The Jack-O-Lantern has been such
a part of our life for what seems so long, it seems as American as apple
pie. However, it was actually the Irish who brought what we know as the
Jack-O-Lantern to America.
But, why name a carved squash
after a person named Jack? Who was this Jack anyway? According to legend
and lore, Jack was a legendary, stingy drunkard. He tricked the Devil
into climbing an apple tree to get him a juicy apple and then quickly
cut the sign of the cross into the tree trunk, preventing the Devil from
coming down. Jack made the Devil swear that he wouldn't come after his
soul in any way. The Devil promised. However, this did not prevent Jack
from dying - on All Hallow's Eve.
When he arrived at the gates of
heaven, he was turned away because he was a stingy, mean drunk.
Desperate for a resting place, he had the nerve to go to the Devil. The
Devil, true to his word, turned him away. "But where can I go?" pleaded
Jack. "Back where you come from," spoke the Devil. The night was dark
and the way was long, and the Devil tossed him a lighted coal from the
fire of Hell. Jack, who was eating a turnip at the time, placed the coal
inside and used it to light his way.
Since that day, he has traveled
the world over with his Jack-O-Lantern in search of a place to rest.
Irish children carved out turnips and potatoes to light the night on
Halloween. However, when the Irish came to America in great numbers in
the 1840s, they found that a pumpkin made an even better lantern, and so
this "American" tradition was born.
There are several variations
on the legend which we've included below:
The Devil mockingly
tossing a coal from the fires of Hell at Jack, which Jack then
places in the turnip.
the Devil a variety of ways, including placing a key or other item
in the Devil’s pocket when the Devil is suspended in the air or
plucking an apply from a tree. Some versions include a “wise and
good man” or even God helping Jack prevail over the Devil.
Jack’s bargain with the Devil being
different. In some translations, the deal is only a temporary
bargain, but the Devil, embarrassed and vengeful, refuses Jack entry
after Jack dies.
Jack is considered a greedy man and is not
allowed into either Heaven or Hell, without anything having to do
with the Devil.
Despite the colorful tales
and legends, the term jack-o’-lantern originally meant a night watchman,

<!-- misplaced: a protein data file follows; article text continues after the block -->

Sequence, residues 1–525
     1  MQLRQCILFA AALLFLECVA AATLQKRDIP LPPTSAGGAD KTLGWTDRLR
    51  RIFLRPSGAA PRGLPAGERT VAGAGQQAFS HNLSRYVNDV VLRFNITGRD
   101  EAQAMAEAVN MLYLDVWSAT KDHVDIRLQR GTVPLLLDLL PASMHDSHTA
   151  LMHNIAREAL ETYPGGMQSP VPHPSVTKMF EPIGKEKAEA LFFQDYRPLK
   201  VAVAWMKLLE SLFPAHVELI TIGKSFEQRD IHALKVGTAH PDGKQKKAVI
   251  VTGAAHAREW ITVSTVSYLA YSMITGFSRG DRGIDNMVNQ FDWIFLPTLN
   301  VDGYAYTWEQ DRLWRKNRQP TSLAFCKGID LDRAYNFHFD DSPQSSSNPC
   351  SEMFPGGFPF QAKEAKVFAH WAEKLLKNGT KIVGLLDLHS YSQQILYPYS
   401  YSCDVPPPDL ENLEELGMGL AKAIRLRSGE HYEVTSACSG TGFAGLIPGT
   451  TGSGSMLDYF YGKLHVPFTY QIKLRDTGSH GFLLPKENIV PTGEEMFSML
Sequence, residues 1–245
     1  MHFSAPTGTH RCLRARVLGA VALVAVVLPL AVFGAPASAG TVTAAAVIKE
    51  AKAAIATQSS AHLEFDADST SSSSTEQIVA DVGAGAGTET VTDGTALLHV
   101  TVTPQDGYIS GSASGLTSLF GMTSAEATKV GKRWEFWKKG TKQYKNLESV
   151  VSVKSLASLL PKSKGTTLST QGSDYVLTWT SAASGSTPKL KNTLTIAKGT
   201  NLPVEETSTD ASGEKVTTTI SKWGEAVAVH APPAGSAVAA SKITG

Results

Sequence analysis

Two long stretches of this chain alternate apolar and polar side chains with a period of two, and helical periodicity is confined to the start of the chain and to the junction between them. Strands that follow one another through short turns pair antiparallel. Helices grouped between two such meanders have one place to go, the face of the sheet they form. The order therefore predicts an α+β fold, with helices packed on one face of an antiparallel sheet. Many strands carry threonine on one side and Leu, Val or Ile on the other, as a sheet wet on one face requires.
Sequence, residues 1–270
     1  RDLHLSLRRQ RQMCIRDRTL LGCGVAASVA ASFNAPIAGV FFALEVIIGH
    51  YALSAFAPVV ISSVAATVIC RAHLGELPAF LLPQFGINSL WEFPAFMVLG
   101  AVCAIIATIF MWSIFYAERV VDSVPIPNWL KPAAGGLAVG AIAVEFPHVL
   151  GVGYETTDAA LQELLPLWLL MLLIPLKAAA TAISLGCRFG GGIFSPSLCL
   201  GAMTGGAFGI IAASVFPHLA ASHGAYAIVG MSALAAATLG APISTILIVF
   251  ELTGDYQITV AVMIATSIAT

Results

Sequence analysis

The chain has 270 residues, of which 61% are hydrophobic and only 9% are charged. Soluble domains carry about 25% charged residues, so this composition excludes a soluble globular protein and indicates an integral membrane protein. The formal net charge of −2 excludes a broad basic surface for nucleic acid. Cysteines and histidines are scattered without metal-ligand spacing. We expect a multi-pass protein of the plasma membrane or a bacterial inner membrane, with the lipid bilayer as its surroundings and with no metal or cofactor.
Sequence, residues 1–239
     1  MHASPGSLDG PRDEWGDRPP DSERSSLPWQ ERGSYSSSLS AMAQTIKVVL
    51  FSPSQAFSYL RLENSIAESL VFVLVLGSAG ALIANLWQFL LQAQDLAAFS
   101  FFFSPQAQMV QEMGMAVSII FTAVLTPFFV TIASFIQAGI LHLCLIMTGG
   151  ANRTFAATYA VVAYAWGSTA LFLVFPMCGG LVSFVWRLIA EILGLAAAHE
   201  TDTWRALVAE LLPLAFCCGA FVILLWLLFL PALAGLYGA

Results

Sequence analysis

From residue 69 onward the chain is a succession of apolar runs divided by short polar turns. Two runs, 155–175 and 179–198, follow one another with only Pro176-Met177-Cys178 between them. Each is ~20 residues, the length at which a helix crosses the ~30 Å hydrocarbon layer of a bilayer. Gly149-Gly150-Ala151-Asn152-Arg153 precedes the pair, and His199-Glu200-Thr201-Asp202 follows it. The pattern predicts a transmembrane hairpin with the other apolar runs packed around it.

or man with a lantern, with the earliest known use in the mid-17th
century; and later, meaning an ignis fatuus or will-o-the-wisp.
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Pumpkins with Attitude!
Jack-o-Lanterns are often
carved with an expressive face. Scary or whimsical, depends on the
carver. Just be creative! Sections of the pumpkin are cut out to make a
design, often depicting a face: eyes, nose and mouth. A variety of tools
may be used to carve and hollow out your pumpkin – from simple kitchen
knives and spoons to specialized instruments. It is possible to create
truly artistic designs these days with the help of design patterns sold
in stores. After carving the pumpkin, a light source, usually a candle,
is placed inside the now carved pumpkin. Placing the top back on its
head, the light will illuminate the design from inside. It is best to
carve some holes in the lid to allow the heat to escape.
Traditionally the carved
pumpkin would be a face, often with a simple crooked toothed grin. But
toward the end of the 20th century, artists began expressing themselves
a bit more elaborately. Today, it is common to see portraits of famous
people – politicians, celebrities or cartoon figures grace today’s
jack-o-lanterns. Some artists do full three-dimensional sculptures and
others work with the idea that the lighted pumpkin will project in what
amounts to three shades.
From Pumpkin to Jack-o-Lantern: Carving Basics
The Legend of the Jack-O-Lantern....
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